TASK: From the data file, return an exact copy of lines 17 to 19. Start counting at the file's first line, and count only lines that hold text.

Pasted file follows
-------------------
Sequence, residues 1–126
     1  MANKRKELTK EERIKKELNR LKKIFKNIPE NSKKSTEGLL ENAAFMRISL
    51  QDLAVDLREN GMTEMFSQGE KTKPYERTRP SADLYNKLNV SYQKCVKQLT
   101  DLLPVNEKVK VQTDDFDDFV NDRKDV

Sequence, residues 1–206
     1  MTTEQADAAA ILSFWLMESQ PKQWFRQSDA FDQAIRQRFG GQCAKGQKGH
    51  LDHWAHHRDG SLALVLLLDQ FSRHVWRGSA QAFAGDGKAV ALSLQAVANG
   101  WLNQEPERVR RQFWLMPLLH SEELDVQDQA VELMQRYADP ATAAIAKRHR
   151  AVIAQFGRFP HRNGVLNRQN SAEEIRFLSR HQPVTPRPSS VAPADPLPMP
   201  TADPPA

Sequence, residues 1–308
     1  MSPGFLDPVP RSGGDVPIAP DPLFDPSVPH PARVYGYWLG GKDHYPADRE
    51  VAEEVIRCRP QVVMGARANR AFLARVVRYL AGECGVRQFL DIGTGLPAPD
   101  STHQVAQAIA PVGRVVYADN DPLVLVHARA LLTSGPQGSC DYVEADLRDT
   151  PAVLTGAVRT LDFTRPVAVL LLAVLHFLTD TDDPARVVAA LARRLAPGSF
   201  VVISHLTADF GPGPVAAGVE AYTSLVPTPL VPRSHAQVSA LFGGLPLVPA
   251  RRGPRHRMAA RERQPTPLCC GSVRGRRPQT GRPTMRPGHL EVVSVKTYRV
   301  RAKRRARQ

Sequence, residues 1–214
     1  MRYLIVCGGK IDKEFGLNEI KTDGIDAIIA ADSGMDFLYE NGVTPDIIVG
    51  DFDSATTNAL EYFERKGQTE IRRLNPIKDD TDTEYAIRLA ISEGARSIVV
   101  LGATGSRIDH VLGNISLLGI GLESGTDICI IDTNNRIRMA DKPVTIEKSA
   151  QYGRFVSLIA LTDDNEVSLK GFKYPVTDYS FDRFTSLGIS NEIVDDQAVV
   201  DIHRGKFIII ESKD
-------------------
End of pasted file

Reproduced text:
   251  RRGPRHRMAA RERQPTPLCC GSVRGRRPQT GRPTMRPGHL EVVSVKTYRV
   301  RAKRRARQ

Sequence, residues 1–214